CINCINNATI, Ohio -- Hamilton County Common Pleas Judge Curt Hartman is expected to order a woman who lied about her son having cancer and sought unnecessary treatment to undergo counseling.
He may also send her to jail.
“Time at the Justice Center,” Hartman said in court Monday, “is still on the table.”
Monika Burgett will have to wait until at least Nov. 8 to find out what her sentence will be. Hartman said he needed more information, including specifics about the type of counseling both sides believe is necessary.
“Let’s figure out what the concerns are that need to be addressed,” he said.
A trial last month laid out how Burgett, 40, convinced doctors, family members – even her own husband – that her son had cancer and then raised money through GoFundMe. She also convinced her husband, doctors and others that she, herself, was a doctor.
Burgett now acknowledges that she only has a bachelor’s degree.
In court Monday for a scheduled sentencing, she told Hartman that misrepresenting herself “is something I’ve lived with for a long time.”
“I’ve tried and attempted therapy and continue to learn how to have healthy coping mechanisms,” she said.
The Texas woman was found guilty last month of a misdemeanor child endangering charge and telecommunications fraud, a felony. She faces up to six months for child endangering. Hartman is expected to order her to pay restitution for one of two fraudulent GoFundMe pages. It raised more than $26,000.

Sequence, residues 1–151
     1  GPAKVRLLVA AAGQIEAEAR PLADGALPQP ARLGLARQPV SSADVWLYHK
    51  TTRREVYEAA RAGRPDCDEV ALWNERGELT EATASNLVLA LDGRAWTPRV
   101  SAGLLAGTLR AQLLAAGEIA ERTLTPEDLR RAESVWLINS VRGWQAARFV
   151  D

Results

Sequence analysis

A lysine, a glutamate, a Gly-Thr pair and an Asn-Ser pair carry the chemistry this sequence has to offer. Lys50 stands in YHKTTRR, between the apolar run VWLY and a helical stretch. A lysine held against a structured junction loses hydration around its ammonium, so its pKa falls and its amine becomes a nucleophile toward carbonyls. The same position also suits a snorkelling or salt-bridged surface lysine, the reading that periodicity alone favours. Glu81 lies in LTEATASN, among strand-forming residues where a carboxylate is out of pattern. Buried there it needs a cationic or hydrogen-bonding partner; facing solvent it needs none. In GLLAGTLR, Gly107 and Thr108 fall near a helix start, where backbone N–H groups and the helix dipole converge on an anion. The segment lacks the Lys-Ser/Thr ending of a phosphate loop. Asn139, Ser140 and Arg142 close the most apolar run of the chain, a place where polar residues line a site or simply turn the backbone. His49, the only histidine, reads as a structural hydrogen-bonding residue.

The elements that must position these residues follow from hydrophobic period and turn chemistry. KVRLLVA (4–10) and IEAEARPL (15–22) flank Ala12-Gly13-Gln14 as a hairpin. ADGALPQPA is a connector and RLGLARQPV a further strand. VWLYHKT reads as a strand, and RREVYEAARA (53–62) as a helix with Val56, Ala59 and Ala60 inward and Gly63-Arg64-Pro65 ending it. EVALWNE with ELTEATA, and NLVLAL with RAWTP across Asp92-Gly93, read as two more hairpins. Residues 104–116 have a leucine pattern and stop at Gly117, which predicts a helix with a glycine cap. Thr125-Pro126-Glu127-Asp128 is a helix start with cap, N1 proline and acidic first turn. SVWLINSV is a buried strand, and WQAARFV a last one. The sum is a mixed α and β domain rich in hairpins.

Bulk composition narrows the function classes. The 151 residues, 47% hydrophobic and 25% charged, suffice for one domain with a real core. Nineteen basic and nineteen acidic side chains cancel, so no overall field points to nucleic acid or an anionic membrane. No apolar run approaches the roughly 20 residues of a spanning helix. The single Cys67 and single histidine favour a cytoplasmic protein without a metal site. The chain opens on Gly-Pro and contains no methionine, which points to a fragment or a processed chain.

According to testimony, Burgett exaggerated her son’s condition and invented symptoms, leading doctors to treat him with powerful pain drugs like Oxycodone and methadone. The boy, now 5, has a genetic condition, neurofibromatosis, that can cause benign growths.
She is not mentally ill, a psychiatrist said in a report.
She “has some self-worth issues” that cause her to seek attention, her attorney, M.J. Hugan, said.
Hamilton County Assistant Prosecutor Anne Flanagan said Burgett, who brought her son to Cincinnati Children’s Hospital Medical Center in 2015 after seeking treatment at several Texas hospitals, “has a longstanding history of using deceit.”
Her “pattern of deception is a conscious misrepresentation,” Flanagan said, reading from the psychiatrist’s report. “It is not a product of mental illness.”
Burgett has been living in the Cincinnati area for more than a year while the case was pending. She doesn't have contact with her son, who documents say has been “doing well” outside of her custody. He has been living with his father and two older siblings in Austin, Texas. He is not on any pain medications.
Burgett’s husband has stood behind her. He testified he still loves her.
“He knows I would never hurt our children… And I’m a good mom and a good wife,” Burgett said. “I never hurt my son. I have been away from my family. I have been humbled in ways I never would have understood.”